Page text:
Fixtures are the accents to your home that make it fashionable. Unlike remodeling or new construction, you can swap out fixtures with ease, making them the diamond jewelry of your home. Here are three fixture styles trending in 2014.
If you want to commit to some work that’s a bit more than just swapping out some knobs, but a bit less than completely remodeling your bathroom, new sinks, toilets, and showers can add some style to any home. The trend is towards hiding plumbing fixtures in the walls and selecting more angular, square fixtures. This isn’t to say that they’re severe; the edges are rounded both for safety and to soften the lines just enough to make it different without making it look too industrial.
As far as colors go, believe it or not white is still very, very popular, but keep an eye out for fixtures that use primary blue accents. Blues in general are becoming more popular, especially shades that lack any hint of greens to them, and will add a hint of color and pop. Look for lighter blue to give your bathroom a vibrancy beyond just dazzling white.
Remember, even a subtle change can make a big difference in your home décor. By tweaking your fixtures and making careful choices about what to buy and how to match, you can give your home a stylish spin unlike anything your friends have ever seen, and a unique look any Miami homeowner will be proud of.
A Scarabeo sink will cost you, but it’s worth it.
For a high-end fixture from Scarabeo or Tecla, expect to pay between $500 and $800 for a single faucet fixture, and up to $2,000 for a double faucet.
Kohler will be slightly less expensive
If you’re looking to save, though, you can get similar styles from Kohler for between $150 and $200.
In lighting fixtures, the name of the game is glass. Glass blowing has become more and more common and fixture manufacturers are experimenting with different designs and colors when it comes to glass. Especially trendy right now are “pendant” designs, where the fixture hangs straight down from the ceiling from the cord or the cord is contained in a flexible covering. It’s much more attractive that standard hanging fixtures, which simply twine the cord around the chain used to hang it from the ceiling, and it’s also more modern.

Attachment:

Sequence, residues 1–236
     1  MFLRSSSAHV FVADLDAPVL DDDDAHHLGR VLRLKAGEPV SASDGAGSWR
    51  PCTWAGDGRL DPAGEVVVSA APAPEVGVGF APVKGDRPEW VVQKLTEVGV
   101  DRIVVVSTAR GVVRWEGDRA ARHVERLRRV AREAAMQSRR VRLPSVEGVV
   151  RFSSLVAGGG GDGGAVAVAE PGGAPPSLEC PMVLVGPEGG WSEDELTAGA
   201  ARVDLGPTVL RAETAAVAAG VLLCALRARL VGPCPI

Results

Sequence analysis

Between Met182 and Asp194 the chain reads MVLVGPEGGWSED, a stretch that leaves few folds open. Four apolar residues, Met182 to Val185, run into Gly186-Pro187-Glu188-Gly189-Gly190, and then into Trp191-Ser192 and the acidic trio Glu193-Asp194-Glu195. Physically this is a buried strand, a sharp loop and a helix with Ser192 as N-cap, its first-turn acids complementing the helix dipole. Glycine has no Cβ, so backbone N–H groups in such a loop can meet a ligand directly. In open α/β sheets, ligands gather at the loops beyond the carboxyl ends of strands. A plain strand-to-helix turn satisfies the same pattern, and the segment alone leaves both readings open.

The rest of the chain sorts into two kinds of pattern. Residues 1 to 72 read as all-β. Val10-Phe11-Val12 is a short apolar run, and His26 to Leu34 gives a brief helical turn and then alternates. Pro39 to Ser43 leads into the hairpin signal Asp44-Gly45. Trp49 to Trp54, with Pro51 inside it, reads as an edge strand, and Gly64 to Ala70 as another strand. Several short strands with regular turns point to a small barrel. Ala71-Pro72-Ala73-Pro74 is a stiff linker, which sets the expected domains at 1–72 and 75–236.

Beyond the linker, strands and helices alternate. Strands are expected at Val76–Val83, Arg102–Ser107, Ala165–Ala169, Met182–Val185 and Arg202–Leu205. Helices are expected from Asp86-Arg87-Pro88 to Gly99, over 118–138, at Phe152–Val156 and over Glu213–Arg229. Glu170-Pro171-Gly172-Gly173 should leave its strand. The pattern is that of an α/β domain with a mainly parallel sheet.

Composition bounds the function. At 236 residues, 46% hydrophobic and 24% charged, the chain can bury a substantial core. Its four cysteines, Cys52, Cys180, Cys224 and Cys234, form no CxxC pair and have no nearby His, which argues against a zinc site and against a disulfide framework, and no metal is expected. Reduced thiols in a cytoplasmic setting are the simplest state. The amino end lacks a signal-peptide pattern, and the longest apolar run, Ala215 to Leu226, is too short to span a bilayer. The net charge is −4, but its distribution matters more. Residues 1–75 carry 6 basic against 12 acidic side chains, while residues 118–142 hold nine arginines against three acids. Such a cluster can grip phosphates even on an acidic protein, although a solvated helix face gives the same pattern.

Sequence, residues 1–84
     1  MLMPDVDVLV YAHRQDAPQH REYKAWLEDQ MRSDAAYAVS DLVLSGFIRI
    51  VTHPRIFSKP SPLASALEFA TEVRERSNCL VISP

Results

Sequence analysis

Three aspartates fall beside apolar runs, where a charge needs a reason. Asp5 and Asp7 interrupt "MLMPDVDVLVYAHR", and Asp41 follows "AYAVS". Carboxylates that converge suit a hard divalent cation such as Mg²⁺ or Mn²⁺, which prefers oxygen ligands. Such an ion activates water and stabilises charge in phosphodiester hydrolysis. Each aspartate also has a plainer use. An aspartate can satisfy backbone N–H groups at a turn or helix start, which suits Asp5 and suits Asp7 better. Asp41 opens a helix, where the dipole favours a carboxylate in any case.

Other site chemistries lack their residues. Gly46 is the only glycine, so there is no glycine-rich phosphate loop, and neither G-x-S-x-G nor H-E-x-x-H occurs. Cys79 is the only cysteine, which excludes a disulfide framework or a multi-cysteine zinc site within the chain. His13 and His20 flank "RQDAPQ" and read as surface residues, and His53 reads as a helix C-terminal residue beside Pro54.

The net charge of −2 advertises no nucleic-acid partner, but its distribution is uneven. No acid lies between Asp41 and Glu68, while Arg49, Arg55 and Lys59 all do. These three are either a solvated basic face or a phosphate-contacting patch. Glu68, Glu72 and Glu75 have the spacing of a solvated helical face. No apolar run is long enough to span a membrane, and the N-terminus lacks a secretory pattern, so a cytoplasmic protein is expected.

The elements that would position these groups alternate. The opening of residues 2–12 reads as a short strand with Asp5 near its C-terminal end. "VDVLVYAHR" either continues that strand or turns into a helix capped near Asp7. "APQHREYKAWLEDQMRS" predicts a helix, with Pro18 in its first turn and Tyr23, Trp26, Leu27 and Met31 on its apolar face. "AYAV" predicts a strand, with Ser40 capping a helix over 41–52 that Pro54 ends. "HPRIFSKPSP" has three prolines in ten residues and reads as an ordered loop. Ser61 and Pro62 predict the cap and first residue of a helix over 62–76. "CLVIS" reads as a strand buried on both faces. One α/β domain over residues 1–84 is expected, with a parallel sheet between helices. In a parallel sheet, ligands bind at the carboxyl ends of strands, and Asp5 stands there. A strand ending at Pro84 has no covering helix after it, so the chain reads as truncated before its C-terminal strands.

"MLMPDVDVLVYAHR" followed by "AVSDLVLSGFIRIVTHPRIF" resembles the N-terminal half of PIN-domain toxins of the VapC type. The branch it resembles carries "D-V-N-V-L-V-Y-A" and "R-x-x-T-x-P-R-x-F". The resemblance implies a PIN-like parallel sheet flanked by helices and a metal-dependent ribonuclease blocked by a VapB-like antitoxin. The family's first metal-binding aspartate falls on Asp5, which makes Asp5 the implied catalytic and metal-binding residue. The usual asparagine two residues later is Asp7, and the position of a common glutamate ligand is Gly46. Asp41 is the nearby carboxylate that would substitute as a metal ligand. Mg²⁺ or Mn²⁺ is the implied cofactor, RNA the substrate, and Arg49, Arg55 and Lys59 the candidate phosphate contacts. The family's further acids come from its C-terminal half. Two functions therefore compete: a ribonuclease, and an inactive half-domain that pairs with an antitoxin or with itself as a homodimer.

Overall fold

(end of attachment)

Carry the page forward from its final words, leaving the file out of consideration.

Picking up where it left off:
Generally you should use pendant fixtures in numbers, such as arranging four over a kitchen counter or hanging several in a pattern over your dinner table. Best of all, the limited materials used means that they’re offered in more styles and metals than standard fixtures; you can match your faucet and your lighting fixtures more much easily and better demonstrate your sense of décor.
Lighting prices will depend heavily on the fixture.
Proper lighting installation will require an electrician, and it’ll also require a good budget; a custom lighting fixture can run you $2,500 or far more depending on the artist you hire and the size of the fixture.
Pendant lighting adds style while staying discreet.
This pendant is a good example of high quality at a low price; you can pay as little as $35 per fixture for a simpler light and still get a stunning effect.
Faucets and Knobs
Chrome is, of course, the classic for fixtures of all sorts; we’ve all seen plenty of chrome faucets in homes from the beautiful to the pedestrian. But it’s annoying to clean, and more to the point, it’s not particularly unique. Increasingly popular are more matte fixtures, in colors such as antique brass or brushed nickel. A nice, oil-rubbed metal will give you both the stunning sheen you look for in a fixture, while also giving your bathroom a different touch.
As a bonus, it’s easier to clean and less likely to be mistaken for a cheaper fixture. Even chrome and steel fixtures from major designers are mistaken for knock-offs constantly.
Grohe is high quality, but it’ll cost you.
Faucets you can generally install yourself, which is a good thing because fixtures from a high-end company such as Grohe can cost $900 or far more depending on the extras you choose.
Brushed and oil-rubbed textures give your fixtures subtle style.
Even low-budget fixtures can be attention-getting; this Kohler faucet, complete with handles, runs just $300.